'Law ' Order' versus the GOP

NBC’s “Law & Order” franchise sure likes to needle the GOP.

On Sunday, “Law & Order: Criminal Intent” gave its famous “ripped from the headlines” treatment to the Jack Abramoff scandal.

NBC’s “Law & Order” franchise sure likes to needle the GOP.

On Sunday, “Law & Order: Criminal Intent” gave its famous “ripped from the headlines” treatment to the Jack Abramoff scandal.

An NBC spokeswoman did not return a call for comment, but the parallels seem all too clear: a murder of a Secret Service agent in her home had detectives snooping around the clients of her husband, “a well-connected lobbyist who is working both for and against an unpopular tribal Indian gaming casino.”

What’s more, said the show’s promo, they uncover “his curious dealings with a slippery congressman.”

The show aired only two days after Rep. Ileana Ros-Lehtinen (R-Fla.) tussled with Richard Belzer, the actor who plays Detective John Munch on “Law & Order: Special Victims Unit.”

On HBO’s “Real Time with Bill Maher,” Ros-Lehtinen said that servicemen she’s met in Iraq tell her: “We’re proud of our mission. We know what we’re doing over here. We don’t want you guys in Washington to lose it over there.”

Belzer, a noted conspiracy theorist, questioned the troops’ credibility on the matter, saying, “You think everyone over there is a college graduate? They’re 19- and 20-year-old kids who couldn’t get a job. … They don’t read 20 newspapers a day.”

He also twice cursed in the congresswoman’s direction.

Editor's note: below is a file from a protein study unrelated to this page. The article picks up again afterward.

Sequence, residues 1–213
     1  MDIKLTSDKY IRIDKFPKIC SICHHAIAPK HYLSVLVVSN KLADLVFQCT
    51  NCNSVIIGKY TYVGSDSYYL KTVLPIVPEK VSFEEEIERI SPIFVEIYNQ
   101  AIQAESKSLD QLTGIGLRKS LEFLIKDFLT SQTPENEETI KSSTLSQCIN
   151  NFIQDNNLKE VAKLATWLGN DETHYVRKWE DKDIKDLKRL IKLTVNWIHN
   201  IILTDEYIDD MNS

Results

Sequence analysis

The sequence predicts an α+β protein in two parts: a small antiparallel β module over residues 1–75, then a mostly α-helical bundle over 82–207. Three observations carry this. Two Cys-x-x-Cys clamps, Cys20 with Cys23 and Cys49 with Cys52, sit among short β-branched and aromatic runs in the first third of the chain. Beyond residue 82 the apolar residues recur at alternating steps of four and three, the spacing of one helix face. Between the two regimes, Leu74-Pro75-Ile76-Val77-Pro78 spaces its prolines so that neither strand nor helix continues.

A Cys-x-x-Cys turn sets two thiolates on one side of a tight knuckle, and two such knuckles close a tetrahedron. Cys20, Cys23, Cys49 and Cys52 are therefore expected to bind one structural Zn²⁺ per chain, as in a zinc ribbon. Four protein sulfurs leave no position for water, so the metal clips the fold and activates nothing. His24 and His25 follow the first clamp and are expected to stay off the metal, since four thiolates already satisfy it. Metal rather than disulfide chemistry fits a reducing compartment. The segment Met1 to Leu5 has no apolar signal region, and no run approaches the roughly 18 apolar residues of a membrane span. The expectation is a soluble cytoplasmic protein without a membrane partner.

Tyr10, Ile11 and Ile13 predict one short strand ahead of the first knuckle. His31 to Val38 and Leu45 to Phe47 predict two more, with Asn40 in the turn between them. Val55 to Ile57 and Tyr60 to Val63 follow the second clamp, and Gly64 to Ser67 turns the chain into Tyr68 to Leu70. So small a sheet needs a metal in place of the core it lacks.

Reached for comment this week, Ros-Lehtinen said, “The actor displayed a typical Hollywood reaction of scorn, derision and condescension to the brave men and women who proudly wear our nation’s uniform. He basically labeled them as uneducated know-nothings who sought refuge in the armed forces because they weren’t able to secure employment elsewhere. Attacks like these thankfully are not shared by the residents of my congressional district who value honor, service and patriotism.”

It’s not the first time that the “Law & Order” franchise has run afoul of the GOP. An 2005 episode of “Criminal Intent” had a detective, who was investigating the murders of judges, say, “Maybe we should put out an APB for somebody in a Tom DeLay T-Shirt.”

DeLay, then the majority leader, wrote to Jeff Zucker, president of Universal Television Group, calling the reference “a reckless disregard for the suffering initiated by recent tragedies and a great disservice to public discourse.”

Dick Wolf, the series’ producer, said at the time, “I do congratulate Congressman DeLay for switching the spotlight from his own problems to an episode of a television show.”

Members trek to Austin for SXSW Fest

Five members of Congress joined the likes of the Beastie Boys, the Pretenders, the Flaming Lips and Belle & Sebastian on the bill at the 20th annual South by Southwest Music and Media Conference in Austin last week.

Austin’s own Rep. Michael McCaul (R), along with Reps. Stephanie Herseth (D-S.D.), Charles Gonzalez (D-Texas), Marsha BlackburnMarsha BlackburnGoogle will no longer use data from personal Gmail accounts for advertising Overnight Regulation: Labor groups fear rollback of Obama worker protection rule | Trump regs czar advances in Senate | New FCC enforcement chief Overnight Tech: Uber CEO resigns | Trump's Iowa tech trip | Dems push Sessions to block AT&T-Time Warner deal | Lawmakers warned on threat to election systems | MORE (R-Tenn.) and Linda S